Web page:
David G. D. Hecht's 18EU game is thoroughly enjoyable as designed. After a few playings, however, one realizes that the northwest region of the board tends to be the most profitable, while the south is something of a backwater. The high (M) mountains are a major reason for this, for at they are too costly (at £120 per hex) to be crossed except occasionally at their western end (Frejus, Lötschberg, and perhaps Simplon). Sometimes they may not be crossed at all. Game strategies are accordingly determined with no serious expectation of any north-south crossings of the Alps occurring between Basel and Vienna, where an extra hex of £60 rough terrain must also be crossed in addition to the £120 cost for the high mountains.
Historically, however, the Alps were crossed in numerous places to facilitate trade between northern Italy and its neighbors to the north. This led me to consider several variant notions in order to provide incentive for players to lay track across the Alps. In the end I settled on a small group of variant rules and play-tested them. After two very successful games using these rules, I now offer them to the 18xx community at large for both comments and further play-testing by those so inclined to give them a try. I have found that this variant lasts about as long as the normal game length for 18EU, which in my circle typically lasts for six pairs of ORs.
for the Alpine Variant
1. Modification to Rule 4.2.1 - Minor Company Initial Sale Round: The amount paid in order to take possession of a Minor Company is placed in the Minor Company's treasury, rather than the bank,
2. Modification to Rule
4.4.1 - Lay or Upgrade Track: The
of each and every tile incurs construction costs as shown below:
Open, clear hex
£30 per yellow tile; £10 per any upgrade/tile promotion
£60 per yellow tile; £10 per any upgrade/tile promotion
3. Modification to rule
4.4.3 - Train Operation and Earnings
When calculating the revenue for a train whose route crosses a Mountain (£120) hex, the train gains an additional Alpine Bonus of £10 per City or Red Off-Map Location that is included in that train's run. To gain this Alpine Bonus, the train must run to at least one City or Red Off-Map Location on each side of the mountain. Towns and Ports are not eligible for these bonuses, although they still earn their normal revenue amounts for the train's run.
If the same train crosses a mountain hex more than once, add an extra £10 per additional Mountain (£120) hex crossed. This extra £10 bonus is not received when the route merely runs along the "spine" of a mountain without crossing to a City or Red Off-Map Location.
Example #1: A route that ran from Strasbourg via the Lötschberg Pass to Milan, Genoa and Turin would gain an additional Alpine Bonus of £40 over its normal revenue amount. If the train from Strasbourg ran the same route but extended it beyond Turin through the Frejus Mountain to Lyon it would gain a total bonus of £50 for the five cities, plus £10 more because it had crossed the Mountains twice. (It would have crossed at Lötschberg and then again at Frejus.)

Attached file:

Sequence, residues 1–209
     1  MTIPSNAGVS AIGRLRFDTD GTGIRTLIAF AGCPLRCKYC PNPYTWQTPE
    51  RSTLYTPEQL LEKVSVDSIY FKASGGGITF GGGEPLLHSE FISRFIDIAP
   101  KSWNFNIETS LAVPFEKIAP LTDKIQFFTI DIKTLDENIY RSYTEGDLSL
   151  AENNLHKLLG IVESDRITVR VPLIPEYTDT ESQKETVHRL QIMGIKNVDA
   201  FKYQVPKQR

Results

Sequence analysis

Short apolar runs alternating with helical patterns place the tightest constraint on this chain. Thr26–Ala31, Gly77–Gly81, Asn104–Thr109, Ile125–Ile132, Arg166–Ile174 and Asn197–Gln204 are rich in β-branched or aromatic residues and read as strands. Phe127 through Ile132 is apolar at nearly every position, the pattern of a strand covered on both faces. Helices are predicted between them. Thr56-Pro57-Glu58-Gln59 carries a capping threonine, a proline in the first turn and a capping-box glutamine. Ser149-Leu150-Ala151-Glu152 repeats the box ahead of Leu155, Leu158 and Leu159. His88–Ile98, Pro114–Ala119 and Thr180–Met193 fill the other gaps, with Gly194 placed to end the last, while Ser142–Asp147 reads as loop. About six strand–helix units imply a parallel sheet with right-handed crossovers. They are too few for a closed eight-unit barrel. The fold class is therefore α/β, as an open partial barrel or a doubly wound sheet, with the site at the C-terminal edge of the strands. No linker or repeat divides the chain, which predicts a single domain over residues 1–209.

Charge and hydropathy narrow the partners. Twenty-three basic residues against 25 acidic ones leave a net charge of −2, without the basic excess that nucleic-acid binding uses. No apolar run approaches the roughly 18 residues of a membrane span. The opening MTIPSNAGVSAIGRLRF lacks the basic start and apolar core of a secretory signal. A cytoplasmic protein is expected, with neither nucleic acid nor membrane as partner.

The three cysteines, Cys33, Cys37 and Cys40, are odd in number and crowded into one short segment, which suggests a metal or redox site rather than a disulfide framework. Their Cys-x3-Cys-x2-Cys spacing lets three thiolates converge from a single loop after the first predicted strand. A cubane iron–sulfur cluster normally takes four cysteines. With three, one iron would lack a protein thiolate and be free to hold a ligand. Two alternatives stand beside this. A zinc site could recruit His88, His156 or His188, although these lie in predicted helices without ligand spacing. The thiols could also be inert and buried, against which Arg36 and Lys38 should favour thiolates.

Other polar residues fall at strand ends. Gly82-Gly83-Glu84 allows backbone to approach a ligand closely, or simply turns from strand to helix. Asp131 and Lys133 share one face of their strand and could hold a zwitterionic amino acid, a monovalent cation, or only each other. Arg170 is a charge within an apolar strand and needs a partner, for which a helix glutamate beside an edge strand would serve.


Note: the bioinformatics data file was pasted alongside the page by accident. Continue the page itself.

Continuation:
Example #2: A Route that ran from Trieste via the Brenner pass to Munich and then recrossed the Mountains at Albula to continue to Rome would gain a total Alpine Bonus of £30 for Trieste, Munich and Rome, plus £10 more for having crossed the Mountains twice in one run. If the train had instead run from Trieste to the Brenner Mountain Pass and then directly to the Albula Mountain Pass before continuing on to Rome via Bologna, it would have gained a bonus of only £20 (£10 each for Trieste and for Rome) since it merely ran along the spine of the mountain without crossing to another City in between, such as Munich.
Salzburg Special Rule: Any route that connects Vienna to Salzburg and from there continues to Munich, Strasbourg, or Frankfort, shall be considered eligible for the Alpine Bonus. Since a route through the two Rough hexes of M10 (northwest of Vienna) and N9 (Salzburg) would cost a total of £120 to build, such a route is to be considered equivalent to a Mountain crossing. [Note that this special case is included because otherwise there is little reason to ever build track to Salzburg.]
Notes on 18EU Strategy with these
Alpine Variant Rules
Minors #5 and #10 become much more significant in this variant, since they are in excellent positions to cooperate with and link up with another Minor north of the mountains. The bidding for these companies should become more active, along with that for Minors # 13, #14, and #15 which will also tend to be valued more highly, since they are most likely to provide the route for the track connections that bridge the high mountains from the north and west. Even Minors #11 or #6 may make attempts to reach Salzburg and beyond to gain the Alpine bonus. The income from these trans-Alpine routes should compete favorably with the revenue from those companies that are dominant in the northwestern portion of the map.
All hexes were given construction costs in order to level the playing field a bit. The mountain and rough terrain costs are quite high in the regular game, but having to pay £30 for each clear hex now makes for comparatively less of a burden on those who wish to climb the mountains. In fact, it makes a shorter, direct route more appealing since the route through the mountain should also eventually provide bonus revenues. So that early in the game the Minors can commence building track, especially Alpine routes, they now begin with cash in hand according to what was paid for them by the player who bought them. The Alpine routes are obviously more valuable the longer they are in play, so this is a useful feature. By the time the 8-trains appear, this could mean an extra £80 per turn in revenues for a company using an Alpine route. The northwest won't tend to dominate the game as it does in the original rules.